Buying a horse is a financial decision that should make sense. But,we watch people buying horses and sometimes wonder what they were thinking. Here’s a perspective that is often overlooked by new horse buyers. A “free” horse costs just as much for hay, grain, wormer, vet bills, and miscellaneous expenses as a $25,000 Will Howe “dream” horse. At first blush, the “free” horse would appear the better financial decision. For sake of discussion we will assume the “free” horse is healthy and not part of the reason for the price.
Unless you are truly fortunate (and we talk with a lot of people who apparently aren’t), the “free” horse will likely cost as much or more than the $25,000 horse. No, we haven’t been drinking the high-powered cough medicine. But, we have observed a number of horse owners for several years and gained some insight from it.
A horse will consume 26 round bales per year. At $45 per round bale, this means your horse will cost $1,170.00 per year for hay excluding waste from weather and equipment handling expense. Wormer four times a year will cost $50.00. One vet visit with vaccinations and Coggins $200.00. These are all conservative figures not taking into account board, grain, and other expenditures. So $1500 per year is an extremely conservative estimate. Over five years ($1,500 x 5 years), you spent $7,500 whether you ever saddle the horse or not. We will assure you our maintenance per head isn’t that low, but maybe you run a more efficient operation. The $7,500 you expended doesn’t take into account training expenses if the horse is going to be ridden. All these expenses except the training start the moment you bring the horse home.
Our question is why would you spend $7,500.00 caring for a horse you can’t even ride? If we were going to spend that much for maintenance for an animal, it is going to be one that can be used and ridden. Maybe we’re just cheap, but if we take on this kind of financial responsibility, we want something for it. We want to ride the horse!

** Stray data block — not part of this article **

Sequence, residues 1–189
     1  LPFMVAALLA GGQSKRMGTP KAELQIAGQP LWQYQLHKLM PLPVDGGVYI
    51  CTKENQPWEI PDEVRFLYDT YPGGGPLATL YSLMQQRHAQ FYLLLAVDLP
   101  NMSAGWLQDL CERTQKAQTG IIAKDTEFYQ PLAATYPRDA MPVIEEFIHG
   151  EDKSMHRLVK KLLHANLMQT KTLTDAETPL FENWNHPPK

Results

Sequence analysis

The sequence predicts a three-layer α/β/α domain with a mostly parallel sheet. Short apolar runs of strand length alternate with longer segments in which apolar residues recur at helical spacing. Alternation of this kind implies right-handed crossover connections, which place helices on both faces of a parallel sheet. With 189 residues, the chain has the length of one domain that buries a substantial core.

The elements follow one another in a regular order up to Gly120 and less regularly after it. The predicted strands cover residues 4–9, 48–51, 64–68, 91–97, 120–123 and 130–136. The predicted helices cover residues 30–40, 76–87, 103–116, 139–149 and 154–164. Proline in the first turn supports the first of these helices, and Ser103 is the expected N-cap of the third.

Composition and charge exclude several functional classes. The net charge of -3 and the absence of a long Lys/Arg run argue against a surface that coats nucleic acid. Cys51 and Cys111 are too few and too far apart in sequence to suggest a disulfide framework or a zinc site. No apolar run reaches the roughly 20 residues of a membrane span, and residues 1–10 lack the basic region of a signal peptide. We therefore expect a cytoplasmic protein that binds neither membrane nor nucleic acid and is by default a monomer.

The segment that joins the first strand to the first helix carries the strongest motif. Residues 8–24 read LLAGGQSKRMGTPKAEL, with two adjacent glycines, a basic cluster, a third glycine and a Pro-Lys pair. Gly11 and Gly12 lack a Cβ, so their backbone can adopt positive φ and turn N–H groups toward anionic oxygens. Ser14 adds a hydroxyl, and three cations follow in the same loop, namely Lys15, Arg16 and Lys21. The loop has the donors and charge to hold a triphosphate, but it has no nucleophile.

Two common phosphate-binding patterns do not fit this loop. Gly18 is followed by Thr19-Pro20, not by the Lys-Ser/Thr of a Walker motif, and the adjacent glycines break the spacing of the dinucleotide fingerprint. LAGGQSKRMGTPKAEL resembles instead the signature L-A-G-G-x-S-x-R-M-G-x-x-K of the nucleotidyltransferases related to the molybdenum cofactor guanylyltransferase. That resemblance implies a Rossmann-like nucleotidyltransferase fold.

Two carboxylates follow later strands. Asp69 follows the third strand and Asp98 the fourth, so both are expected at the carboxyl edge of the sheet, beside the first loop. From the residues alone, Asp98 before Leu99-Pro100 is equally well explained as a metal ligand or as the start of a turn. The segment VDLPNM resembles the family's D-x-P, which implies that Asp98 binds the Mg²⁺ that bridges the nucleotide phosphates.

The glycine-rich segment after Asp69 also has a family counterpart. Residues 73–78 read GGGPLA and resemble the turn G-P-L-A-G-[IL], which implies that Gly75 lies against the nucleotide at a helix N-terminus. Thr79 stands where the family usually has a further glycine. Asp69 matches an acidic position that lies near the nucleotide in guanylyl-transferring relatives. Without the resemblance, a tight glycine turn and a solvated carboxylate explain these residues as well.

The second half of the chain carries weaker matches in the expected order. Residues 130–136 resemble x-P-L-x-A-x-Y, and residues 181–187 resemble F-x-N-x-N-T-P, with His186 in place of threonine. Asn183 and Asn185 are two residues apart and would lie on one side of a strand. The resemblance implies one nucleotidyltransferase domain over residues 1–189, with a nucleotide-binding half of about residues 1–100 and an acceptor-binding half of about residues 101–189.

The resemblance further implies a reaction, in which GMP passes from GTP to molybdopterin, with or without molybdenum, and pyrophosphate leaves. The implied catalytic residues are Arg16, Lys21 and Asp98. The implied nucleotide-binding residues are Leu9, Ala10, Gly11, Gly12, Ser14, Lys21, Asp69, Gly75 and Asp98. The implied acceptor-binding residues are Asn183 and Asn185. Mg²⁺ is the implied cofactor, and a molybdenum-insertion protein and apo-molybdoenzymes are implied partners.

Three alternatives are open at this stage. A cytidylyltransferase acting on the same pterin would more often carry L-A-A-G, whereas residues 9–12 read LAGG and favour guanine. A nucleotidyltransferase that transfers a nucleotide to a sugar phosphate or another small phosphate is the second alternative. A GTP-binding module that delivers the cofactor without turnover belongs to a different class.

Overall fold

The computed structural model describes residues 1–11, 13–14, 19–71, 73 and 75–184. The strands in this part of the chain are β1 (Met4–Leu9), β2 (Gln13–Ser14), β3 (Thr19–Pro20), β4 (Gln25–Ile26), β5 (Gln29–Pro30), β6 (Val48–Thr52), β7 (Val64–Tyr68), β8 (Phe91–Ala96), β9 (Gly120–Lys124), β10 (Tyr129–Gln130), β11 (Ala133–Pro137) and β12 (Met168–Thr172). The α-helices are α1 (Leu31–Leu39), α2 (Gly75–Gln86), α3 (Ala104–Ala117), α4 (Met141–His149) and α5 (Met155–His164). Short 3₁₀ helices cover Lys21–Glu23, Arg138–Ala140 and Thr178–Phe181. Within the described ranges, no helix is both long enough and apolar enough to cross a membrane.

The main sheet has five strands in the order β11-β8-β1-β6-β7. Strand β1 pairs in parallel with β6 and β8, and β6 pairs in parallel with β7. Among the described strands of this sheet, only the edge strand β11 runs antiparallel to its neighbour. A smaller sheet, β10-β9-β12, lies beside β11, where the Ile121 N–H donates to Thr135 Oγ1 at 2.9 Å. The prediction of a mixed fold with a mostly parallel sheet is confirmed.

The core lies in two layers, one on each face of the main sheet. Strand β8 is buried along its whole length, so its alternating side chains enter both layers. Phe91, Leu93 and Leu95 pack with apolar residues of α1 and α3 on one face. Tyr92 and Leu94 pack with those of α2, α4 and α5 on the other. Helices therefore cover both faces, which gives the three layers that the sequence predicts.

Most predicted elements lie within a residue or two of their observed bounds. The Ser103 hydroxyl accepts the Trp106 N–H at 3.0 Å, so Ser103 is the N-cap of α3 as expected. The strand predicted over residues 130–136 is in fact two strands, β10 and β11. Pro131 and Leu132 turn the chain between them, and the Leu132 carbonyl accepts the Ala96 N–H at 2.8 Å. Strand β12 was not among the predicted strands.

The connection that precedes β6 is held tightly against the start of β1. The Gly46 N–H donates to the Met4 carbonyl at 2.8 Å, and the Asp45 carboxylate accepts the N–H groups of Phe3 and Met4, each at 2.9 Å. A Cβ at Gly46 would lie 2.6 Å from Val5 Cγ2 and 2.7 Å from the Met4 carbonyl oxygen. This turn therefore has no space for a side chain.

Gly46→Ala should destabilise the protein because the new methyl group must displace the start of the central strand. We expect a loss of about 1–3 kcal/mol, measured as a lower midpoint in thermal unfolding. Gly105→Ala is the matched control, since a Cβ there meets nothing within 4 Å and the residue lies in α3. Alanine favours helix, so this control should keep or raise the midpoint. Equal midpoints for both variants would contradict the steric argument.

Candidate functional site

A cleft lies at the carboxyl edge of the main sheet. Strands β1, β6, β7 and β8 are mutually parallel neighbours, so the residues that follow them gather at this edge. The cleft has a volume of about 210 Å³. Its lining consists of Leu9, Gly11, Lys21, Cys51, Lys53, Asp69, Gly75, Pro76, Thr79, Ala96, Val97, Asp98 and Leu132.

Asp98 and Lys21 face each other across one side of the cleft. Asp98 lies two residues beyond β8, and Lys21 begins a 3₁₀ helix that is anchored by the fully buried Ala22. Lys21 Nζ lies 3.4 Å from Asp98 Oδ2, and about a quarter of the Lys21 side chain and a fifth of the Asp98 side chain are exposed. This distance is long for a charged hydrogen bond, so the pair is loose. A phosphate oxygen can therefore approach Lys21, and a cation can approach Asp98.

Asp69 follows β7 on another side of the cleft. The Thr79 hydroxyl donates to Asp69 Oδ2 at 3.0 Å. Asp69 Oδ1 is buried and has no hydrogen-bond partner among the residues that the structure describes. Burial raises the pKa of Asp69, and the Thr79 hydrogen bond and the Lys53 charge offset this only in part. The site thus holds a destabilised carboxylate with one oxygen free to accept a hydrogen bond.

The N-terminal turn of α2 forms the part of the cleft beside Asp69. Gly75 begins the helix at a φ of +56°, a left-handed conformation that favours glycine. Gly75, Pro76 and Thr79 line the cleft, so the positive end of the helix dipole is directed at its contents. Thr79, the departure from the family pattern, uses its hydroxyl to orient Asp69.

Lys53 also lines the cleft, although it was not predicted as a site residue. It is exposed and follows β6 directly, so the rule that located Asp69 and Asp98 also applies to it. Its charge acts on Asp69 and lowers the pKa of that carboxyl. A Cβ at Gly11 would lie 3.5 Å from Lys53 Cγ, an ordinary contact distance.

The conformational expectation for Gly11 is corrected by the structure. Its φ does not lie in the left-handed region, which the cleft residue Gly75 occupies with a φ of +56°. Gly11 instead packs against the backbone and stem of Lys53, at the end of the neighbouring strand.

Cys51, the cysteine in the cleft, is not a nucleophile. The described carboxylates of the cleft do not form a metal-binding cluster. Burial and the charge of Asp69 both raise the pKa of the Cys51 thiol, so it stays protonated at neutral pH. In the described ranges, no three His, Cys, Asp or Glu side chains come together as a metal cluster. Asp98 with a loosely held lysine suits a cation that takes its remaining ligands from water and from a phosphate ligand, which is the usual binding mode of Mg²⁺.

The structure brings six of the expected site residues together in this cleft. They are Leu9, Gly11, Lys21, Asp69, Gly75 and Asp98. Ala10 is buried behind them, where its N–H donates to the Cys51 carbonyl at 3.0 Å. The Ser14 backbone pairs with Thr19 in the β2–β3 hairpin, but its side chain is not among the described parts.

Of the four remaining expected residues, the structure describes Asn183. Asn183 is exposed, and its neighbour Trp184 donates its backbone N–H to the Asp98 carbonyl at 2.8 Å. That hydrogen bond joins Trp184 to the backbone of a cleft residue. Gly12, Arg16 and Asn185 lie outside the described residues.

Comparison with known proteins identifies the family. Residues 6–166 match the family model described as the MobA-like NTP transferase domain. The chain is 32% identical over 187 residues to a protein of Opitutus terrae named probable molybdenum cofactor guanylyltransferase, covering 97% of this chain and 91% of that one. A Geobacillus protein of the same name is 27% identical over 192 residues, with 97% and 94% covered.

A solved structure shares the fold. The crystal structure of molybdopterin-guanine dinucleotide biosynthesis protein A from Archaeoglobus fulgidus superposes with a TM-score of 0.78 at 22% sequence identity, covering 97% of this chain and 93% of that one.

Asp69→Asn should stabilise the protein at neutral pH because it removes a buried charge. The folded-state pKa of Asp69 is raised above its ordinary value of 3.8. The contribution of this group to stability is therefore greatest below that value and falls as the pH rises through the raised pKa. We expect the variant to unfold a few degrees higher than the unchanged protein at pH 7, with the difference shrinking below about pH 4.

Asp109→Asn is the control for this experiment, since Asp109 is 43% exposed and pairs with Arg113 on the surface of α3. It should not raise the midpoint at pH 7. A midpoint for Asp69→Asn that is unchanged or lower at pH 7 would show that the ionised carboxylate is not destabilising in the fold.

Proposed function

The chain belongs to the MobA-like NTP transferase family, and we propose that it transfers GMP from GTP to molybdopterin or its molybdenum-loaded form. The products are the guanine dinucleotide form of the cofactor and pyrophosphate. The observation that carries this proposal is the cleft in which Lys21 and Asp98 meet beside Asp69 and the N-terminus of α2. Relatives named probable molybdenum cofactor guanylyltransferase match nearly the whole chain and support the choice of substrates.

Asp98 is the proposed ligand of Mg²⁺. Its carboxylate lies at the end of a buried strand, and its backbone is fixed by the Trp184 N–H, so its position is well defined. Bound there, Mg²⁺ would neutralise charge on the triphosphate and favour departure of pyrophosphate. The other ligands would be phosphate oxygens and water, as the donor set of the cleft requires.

If you are looking for a horse, give some thought to making it a good financial decision. Horses generally aren’t a good investment in terms of saving for retirement. They can be a wonderful investment in years of fun, good times, and lasting memories. We want to help you see that paying good money out every month for a horse that you can’t catch, saddle, and ride is not a good financial decision. In fact, it makes just as much sense as buying a boat without a trailer that you keep in your backyard. If you can’t afford the trailer and the gas to go to the lake, you really don’t need the boat to be honest about it.
If you average the up front purchase price for a well-broke and already trained horse and spread it out over the time you own and ride, the initial expense doesn’t add all that much to the monthly cost of ownership. A $25,000 horse averages $5,000 per year over the five-year example we used. A sound horse without a lot of age will hold most of its value if you take proper care of it. Assuming you want to enjoy yourself and ride, the relatively small depreciation of your horse growing older is minimal.
Many people buy what they think will be a cheap horse that ends up at the trainer for 90 days to six months. The training charges run anywhere from $600 – 800 a month. So they spend $3,000 to 5,000 on a mount that may not even have the mind and disposition for a quality trail horse. The vet bills and expenses don’t stop just ’cause you take the horse to the trainer. Folks end up spending far more for a horse they can’t ride than if they had gotten a quality trail horse from the start. They could buy and ride the $25,000 horse for two years, sell it as an emergency fire loss for $20,000 and have spent less than the “free” horse someone “gifted” them. Give some thought as to why you want to spend more for a horse you can’t ride than for one you can enjoy. If you are buying a horse to ride, use, and have fun owning, then don’t waste your money by trying to cut corners. Penny wise can be dollar foolish!
By the way, if you need a boat for your garage, we got a buddy with a bass boat that saw the lake twice last Summer. Ah, it’s barely September, he still might get it to the lake this year!